I don't recall the original discussion, but I'm not sure that this is
necessarily impossible.  If you end up only needing around 10,000, or
a few times that, this might work, although I would encourage you to
use the current CVS head branch if you're going to do so.  My primary
concern in this case wouldn't be the normal operation, but heavyweight
memberships if one of your daemons (or its machine) goes down.

> - alternately, can a producer simply issue messages to all possible
>   groups and expect Spread to dispose efficiently of messages to
>   groups which don't exist (i.e. issue messages to each potential
>   group for which new instrument data is encountered, regardless of
>   whether some consumer has established the group through a join?)
>   This would side-step the problem of producer discovery of the group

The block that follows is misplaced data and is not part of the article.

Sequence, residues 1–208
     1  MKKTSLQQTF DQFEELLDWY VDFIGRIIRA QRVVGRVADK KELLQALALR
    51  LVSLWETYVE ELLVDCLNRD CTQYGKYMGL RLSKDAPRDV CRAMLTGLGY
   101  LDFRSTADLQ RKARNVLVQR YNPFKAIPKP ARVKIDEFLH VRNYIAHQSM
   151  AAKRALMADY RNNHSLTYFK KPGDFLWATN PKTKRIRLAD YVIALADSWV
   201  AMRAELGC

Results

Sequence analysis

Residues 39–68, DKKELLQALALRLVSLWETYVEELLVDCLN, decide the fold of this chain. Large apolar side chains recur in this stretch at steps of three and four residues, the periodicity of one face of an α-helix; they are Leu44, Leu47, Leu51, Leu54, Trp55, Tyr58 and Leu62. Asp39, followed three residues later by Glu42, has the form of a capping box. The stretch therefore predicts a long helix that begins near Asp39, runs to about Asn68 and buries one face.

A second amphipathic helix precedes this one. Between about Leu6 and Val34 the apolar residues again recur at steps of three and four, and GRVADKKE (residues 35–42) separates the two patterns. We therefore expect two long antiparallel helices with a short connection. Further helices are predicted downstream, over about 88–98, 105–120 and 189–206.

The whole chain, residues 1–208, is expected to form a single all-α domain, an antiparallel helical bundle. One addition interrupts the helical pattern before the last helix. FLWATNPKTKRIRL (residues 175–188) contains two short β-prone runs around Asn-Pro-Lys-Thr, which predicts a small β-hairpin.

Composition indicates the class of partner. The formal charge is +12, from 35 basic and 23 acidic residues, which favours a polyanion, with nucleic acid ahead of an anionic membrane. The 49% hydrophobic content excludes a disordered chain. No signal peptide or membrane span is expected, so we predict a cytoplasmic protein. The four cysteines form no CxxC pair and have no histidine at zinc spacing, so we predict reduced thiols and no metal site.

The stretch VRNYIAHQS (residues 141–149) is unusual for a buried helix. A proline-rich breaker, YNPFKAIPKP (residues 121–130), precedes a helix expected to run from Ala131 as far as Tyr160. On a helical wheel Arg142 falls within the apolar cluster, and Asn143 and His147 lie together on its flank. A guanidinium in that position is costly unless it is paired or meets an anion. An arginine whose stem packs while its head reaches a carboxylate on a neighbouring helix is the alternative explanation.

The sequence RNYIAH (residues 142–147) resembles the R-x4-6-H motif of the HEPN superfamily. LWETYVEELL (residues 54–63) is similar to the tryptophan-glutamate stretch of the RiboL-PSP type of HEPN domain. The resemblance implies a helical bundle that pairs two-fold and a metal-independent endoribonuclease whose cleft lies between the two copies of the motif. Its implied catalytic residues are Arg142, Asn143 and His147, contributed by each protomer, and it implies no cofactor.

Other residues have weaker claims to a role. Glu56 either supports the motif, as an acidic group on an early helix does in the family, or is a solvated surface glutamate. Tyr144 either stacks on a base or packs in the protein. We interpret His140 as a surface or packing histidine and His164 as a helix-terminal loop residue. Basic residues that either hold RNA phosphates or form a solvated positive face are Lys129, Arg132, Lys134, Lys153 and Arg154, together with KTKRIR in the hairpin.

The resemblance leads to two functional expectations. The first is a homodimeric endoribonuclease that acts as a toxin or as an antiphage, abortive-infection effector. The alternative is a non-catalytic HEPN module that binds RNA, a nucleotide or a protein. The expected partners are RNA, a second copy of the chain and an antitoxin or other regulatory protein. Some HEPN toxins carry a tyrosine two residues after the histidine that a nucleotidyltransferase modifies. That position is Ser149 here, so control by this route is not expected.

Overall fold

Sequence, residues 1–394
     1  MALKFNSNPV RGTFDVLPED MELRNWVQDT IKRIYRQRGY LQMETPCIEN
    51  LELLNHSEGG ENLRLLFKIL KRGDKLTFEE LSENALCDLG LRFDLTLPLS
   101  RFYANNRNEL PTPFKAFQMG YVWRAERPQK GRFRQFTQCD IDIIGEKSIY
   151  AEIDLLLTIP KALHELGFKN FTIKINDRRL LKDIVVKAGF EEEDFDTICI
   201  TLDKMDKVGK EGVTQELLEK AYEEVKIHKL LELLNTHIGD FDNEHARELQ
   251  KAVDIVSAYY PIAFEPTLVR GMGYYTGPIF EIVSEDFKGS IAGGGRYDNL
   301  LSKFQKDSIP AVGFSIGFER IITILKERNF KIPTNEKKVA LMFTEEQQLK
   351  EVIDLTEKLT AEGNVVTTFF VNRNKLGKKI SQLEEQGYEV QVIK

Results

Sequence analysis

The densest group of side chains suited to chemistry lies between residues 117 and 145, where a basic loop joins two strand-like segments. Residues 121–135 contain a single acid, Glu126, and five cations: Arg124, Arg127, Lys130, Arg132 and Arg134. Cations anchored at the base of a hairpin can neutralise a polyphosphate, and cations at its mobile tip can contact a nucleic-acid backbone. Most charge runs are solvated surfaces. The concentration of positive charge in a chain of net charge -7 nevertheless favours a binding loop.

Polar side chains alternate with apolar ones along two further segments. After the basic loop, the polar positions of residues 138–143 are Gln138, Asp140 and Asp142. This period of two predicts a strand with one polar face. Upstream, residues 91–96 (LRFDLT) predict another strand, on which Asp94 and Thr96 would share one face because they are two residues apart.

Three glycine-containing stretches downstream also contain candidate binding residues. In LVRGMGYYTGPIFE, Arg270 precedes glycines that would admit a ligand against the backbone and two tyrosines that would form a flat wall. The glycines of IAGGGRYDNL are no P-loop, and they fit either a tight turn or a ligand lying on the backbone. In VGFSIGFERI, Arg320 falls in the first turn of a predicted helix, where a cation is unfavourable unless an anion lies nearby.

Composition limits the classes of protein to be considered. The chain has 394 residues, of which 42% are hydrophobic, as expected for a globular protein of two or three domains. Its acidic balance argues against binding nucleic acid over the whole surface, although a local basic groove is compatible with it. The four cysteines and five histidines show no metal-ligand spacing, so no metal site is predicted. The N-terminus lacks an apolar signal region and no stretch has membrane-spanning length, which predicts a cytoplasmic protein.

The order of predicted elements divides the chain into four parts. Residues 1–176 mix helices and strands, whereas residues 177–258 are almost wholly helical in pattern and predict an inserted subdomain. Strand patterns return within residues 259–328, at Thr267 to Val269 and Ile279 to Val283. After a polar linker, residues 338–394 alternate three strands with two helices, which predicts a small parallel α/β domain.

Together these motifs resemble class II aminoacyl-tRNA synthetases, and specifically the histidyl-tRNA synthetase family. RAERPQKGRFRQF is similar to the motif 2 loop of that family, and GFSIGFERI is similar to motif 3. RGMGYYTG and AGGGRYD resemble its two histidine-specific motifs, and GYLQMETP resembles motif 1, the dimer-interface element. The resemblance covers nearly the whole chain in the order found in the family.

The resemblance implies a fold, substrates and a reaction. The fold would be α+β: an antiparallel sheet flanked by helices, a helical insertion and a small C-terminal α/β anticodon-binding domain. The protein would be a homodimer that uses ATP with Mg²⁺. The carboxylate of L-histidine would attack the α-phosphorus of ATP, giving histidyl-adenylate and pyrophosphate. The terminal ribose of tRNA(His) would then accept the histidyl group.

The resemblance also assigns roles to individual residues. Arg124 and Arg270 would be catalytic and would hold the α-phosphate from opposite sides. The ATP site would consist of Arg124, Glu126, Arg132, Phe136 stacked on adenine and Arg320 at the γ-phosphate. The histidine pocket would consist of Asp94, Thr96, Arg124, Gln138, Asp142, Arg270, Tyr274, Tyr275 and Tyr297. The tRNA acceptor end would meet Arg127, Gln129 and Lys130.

>   list, but would pass the work of filtering out the large percentage
>   of uninteresting updates to Spread. While clearly less efficient
>   than the producer performing this filtering, hopefully this would
>   impact only the producers themselves and their connected Spread
>   daemons.

There are significant inefficiencies here.  Spread doesn't filter out
messages that have no recipients until after they're ready to be
delivered.  This is necessary, because of the way lightweight
memberships work.

> Apologies for the long post and thanks in advance for any
> insights/advice!
> Damon
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> Spread-users at lists.spread.org
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Ryan W. Caudy
<rcaudy at gmail.com>
Bloomberg L.P.
<rcaudy1 at bloomberg.net>
<caudy at cnds.jhu.edu>         
Center for Networking and Distributed Systems
Department of Computer Science
Johns Hopkins University